Clubfoot Is More Common Than You May Think – Exploring Causes and Treatments
Posted by Jenn F. on Thursday, November 14th, 2013
Do you know what comedian Damon Wayans, Olympic figure skater Kristi Yamaguchi, and NFL quarterback Troy Aikman have in common? They were all born with the most common congenital birth defect: clubfoot! This condition affects one in 500 babies and must be treated to avoid complications later in life.
What Is Clubfoot?
Clubfoot is a deformity present at birth where the feet turn inward, rotated at the ankle so the feet face each other. The baby’s foot may appear twisted downward and inward. One or both feet may be affected. Usually there is no discomfort or pain unless the patient is trying to walk. Internally, the tendons may be shortened, the Achilles tendon is tightened, the calf muscles are weak, and the bones may have taken on an unusual shape.
What Causes Clubfoot?
For years, the cause of clubfoot was a mystery, although it seemed that boys were twice as likely to get it and it tended to run in families. In 2008, researchers at the Washington University School of Medicine in St. Louis identified a mutation in PITX1, a gene involved in critical early development of lower limbs. “We think that it is an abnormality of very early limb development, probably in the first trimester of pregnancy,” said lead researcher Christina Gurnett M.D., Ph.D. Two years later, they found mutations on chromosome 17 linked to limb abnormalities, developmental delays, and heart defects.
How Is Clubfoot Treated?
Words like “clubfoot” or “congenital deformity” tend to conjure up a lot of fear in parents who worry that their child will have lifelong trouble walking. However, it’s nothing to fear. Children born with club feet will be able to grow up, play sports, and lead normal lives with no trace of the condition.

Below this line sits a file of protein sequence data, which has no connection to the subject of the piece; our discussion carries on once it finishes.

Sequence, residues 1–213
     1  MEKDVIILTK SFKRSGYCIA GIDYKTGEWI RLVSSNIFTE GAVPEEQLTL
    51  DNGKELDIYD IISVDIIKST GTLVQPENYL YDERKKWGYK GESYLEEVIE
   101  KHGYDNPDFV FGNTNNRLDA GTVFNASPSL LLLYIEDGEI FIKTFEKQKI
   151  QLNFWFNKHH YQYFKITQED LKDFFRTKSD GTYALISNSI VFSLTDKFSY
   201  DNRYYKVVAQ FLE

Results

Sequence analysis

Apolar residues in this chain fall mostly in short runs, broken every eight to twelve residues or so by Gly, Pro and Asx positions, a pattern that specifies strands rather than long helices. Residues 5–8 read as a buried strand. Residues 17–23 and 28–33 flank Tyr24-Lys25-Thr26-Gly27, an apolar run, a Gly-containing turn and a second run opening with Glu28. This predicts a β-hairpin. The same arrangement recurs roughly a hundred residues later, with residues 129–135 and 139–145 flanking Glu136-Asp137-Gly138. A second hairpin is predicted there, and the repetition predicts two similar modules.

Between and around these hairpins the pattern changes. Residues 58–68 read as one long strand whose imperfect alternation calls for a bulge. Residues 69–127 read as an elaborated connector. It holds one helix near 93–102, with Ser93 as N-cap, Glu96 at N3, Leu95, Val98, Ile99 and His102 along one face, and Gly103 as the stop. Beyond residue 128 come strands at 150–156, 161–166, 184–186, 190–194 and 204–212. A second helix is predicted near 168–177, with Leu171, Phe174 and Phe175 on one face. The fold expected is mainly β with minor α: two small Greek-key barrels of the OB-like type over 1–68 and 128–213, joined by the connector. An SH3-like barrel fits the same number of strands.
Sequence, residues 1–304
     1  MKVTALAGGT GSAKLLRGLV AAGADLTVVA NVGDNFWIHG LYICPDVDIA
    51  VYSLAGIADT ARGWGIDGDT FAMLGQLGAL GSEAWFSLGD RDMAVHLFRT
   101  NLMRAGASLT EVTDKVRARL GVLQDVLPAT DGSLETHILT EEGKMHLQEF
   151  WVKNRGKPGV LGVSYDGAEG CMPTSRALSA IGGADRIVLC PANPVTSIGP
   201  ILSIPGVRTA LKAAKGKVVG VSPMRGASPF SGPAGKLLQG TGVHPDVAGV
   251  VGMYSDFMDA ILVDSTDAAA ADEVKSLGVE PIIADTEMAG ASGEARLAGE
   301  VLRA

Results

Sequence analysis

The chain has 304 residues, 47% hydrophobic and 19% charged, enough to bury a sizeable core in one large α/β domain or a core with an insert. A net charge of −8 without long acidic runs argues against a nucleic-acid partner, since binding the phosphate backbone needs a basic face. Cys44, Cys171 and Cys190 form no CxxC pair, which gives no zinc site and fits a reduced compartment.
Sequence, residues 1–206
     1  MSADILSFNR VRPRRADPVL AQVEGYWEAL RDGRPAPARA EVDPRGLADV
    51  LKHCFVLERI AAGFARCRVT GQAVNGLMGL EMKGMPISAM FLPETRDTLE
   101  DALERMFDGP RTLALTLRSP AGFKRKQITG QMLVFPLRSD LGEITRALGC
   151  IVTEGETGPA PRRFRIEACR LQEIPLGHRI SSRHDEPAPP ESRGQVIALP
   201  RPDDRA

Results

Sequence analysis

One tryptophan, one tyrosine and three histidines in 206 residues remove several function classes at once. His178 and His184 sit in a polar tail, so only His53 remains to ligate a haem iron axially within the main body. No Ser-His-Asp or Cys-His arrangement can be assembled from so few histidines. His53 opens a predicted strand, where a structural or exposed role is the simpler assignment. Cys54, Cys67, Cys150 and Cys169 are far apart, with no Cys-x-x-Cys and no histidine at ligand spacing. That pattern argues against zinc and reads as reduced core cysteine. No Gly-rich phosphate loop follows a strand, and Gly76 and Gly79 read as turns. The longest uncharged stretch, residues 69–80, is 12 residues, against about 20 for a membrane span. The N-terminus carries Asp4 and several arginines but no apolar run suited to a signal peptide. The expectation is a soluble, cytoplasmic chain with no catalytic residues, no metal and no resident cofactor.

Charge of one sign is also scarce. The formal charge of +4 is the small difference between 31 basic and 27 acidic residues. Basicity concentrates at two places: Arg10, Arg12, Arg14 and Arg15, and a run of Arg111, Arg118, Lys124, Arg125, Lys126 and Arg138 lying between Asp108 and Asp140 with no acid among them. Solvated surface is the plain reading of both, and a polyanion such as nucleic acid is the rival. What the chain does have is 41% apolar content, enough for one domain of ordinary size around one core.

Standard treatment involves gentle manipulation and “Ponseti Method” casting of the feet over the course of several weeks. The foot is moved just ten degrees each week until a straight position is reached. When the casting is done, the child must wear special shoes for three months to keep the feet aligned in the right position. Then they will just need to wear them at night until age four.
A real noticeable difference will be visible after about six months, but the child will still need to wear leg braces for several years as the limbs grow. Though it’s a long, sometimes emotional, process, modern breakthroughs have made successful treatment possible.
Clubfoot In NYC: There’s No Harm In Seeing A Podiatrist.
“When a patient in North America has an extreme case of clubfoot, it can likely be recognized and treated early,” says Dr. Nadia Levy. “Some children are born with mild variants of the problem that may not be recognized early enough, which can lead to long-term complications. If you feel that the shape of your child’s foot is questionable, there is no harm in getting a second opinion and possibly some reassurance.”
The Center for Podiatric Care and Sports Medicine has specialists on hand with extensive experience in treating congenital deformities like clubfoot using the Ponsetti Method and complementary therapies. If there is any question as to your child’s development, we invite you to contact us right away to arrange an appointment in Manhattan or White Plains.
If you have any foot problems or pain, contact The Center for Podiatric Care and Sports Medicine. Dr. Josef J. Geldwert, Dr. Katherine Lai, Dr. Ryan Minara and Dr. Mariola Rivera have helped thousands of people get back on their feet. Unfortunately, we cannot give diagnoses or treatment advice online. Please make an appointment to see us if you live in the NY metropolitan area or seek out a podiatrist in your area.